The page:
### A knight’s quest

LYAHFGG:

Here’s a problem that really lends itself to being solved with non-determinism. Say you have a chess board and only one knight piece on it. We want to find out if the knight can reach a certain position in three moves.

Instead of type aliasing a pair, let’s make this into a case class again:

``````scala> case class KnightPos(c: Int, r: Int)
defined class KnightPos
``````

Heres the function to calculate all of his next next positions:

``````scala> case class KnightPos(c: Int, r: Int) {
def move: List[KnightPos] =
for {
KnightPos(c2, r2) <- List(KnightPos(c + 2, r - 1), KnightPos(c + 2, r + 1),
KnightPos(c - 2, r - 1), KnightPos(c - 2, r + 1),
KnightPos(c + 1, r - 2), KnightPos(c + 1, r + 2),
KnightPos(c - 1, r - 2), KnightPos(c - 1, r + 2)) if (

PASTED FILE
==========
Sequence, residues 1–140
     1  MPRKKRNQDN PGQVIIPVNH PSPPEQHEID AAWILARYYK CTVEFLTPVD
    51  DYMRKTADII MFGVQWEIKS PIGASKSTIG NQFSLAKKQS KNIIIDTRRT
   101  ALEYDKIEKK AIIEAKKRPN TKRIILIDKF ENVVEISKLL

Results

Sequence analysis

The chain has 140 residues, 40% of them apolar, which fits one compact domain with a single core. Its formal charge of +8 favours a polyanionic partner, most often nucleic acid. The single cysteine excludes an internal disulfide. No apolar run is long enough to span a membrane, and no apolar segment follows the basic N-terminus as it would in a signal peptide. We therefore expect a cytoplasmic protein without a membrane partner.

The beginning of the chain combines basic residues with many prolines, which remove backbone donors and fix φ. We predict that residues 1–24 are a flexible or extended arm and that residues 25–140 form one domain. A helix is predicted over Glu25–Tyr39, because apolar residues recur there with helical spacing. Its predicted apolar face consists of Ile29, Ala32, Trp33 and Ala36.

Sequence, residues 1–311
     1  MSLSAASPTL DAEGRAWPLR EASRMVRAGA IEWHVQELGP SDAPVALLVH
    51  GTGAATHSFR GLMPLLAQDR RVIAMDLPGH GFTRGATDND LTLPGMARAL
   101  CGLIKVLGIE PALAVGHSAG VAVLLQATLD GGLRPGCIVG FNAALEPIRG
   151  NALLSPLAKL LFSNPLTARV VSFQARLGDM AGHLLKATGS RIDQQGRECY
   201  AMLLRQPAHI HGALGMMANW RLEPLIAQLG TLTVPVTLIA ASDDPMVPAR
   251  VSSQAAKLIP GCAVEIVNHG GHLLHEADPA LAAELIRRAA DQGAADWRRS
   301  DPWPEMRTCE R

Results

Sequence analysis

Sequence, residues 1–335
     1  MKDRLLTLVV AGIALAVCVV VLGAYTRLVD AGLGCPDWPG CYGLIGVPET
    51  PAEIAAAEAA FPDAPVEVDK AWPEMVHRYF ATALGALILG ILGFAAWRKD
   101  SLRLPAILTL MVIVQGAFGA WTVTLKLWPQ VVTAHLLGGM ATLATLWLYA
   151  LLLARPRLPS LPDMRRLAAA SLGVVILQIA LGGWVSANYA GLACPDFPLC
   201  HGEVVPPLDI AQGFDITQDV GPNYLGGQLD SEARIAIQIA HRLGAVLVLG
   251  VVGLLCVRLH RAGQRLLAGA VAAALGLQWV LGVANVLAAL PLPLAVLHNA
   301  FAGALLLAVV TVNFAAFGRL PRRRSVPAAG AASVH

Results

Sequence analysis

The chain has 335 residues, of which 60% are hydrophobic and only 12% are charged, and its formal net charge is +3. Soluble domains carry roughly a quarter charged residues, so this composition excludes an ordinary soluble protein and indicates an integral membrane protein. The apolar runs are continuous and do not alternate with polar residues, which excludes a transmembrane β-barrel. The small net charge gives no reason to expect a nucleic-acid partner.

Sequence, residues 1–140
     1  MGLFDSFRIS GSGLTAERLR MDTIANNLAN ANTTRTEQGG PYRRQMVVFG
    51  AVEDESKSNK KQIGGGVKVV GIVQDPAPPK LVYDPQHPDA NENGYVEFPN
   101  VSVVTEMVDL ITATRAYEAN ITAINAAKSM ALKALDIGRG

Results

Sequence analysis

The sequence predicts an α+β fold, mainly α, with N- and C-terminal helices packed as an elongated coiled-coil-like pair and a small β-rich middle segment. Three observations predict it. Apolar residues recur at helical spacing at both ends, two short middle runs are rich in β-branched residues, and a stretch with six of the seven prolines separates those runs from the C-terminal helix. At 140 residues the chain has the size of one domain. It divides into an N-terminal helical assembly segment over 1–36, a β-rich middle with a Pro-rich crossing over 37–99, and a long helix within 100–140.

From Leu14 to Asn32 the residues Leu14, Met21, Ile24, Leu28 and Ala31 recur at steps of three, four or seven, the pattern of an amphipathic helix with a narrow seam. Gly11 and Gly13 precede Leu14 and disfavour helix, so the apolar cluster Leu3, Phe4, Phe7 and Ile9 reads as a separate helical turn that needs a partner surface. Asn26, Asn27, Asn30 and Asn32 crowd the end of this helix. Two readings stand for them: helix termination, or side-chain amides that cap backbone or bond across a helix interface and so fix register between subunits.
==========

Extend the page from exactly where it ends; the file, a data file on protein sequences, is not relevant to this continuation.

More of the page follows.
((1 |-> 8) contains c2) && ((1 |-> 8) contains r2))
} yield KnightPos(c2, r2)
}
defined class KnightPos

scala> KnightPos(6, 2).move
res50: List[KnightPos] = List(KnightPos(8,1), KnightPos(8,3), KnightPos(4,1), KnightPos(4,3), KnightPos(7,4), KnightPos(5,4))

scala> KnightPos(8, 1).move
res51: List[KnightPos] = List(KnightPos(6,2), KnightPos(7,3))
``````

The answers look good. Now we implement chaining this three times:

``````scala> case class KnightPos(c: Int, r: Int) {
def move: List[KnightPos] =
for {
KnightPos(c2, r2) <- List(KnightPos(c + 2, r - 1), KnightPos(c + 2, r + 1),
KnightPos(c - 2, r - 1), KnightPos(c - 2, r + 1),
KnightPos(c + 1, r - 2), KnightPos(c + 1, r + 2),
KnightPos(c - 1, r - 2), KnightPos(c - 1, r + 2)) if (
((1 |-> 8) element c2) && ((1 |-> 8) contains r2))
} yield KnightPos(c2, r2)
def in3: List[KnightPos] =
for {
first <- move
second <- first.move
third <- second.move
} yield third
def canReachIn3(end: KnightPos): Boolean = in3 contains end
}
defined class KnightPos

scala> KnightPos(6, 2) canReachIn3 KnightPos(6, 1)
res56: Boolean = true

scala> KnightPos(6, 2) canReachIn3 KnightPos(7, 3)
res57: Boolean = false
``````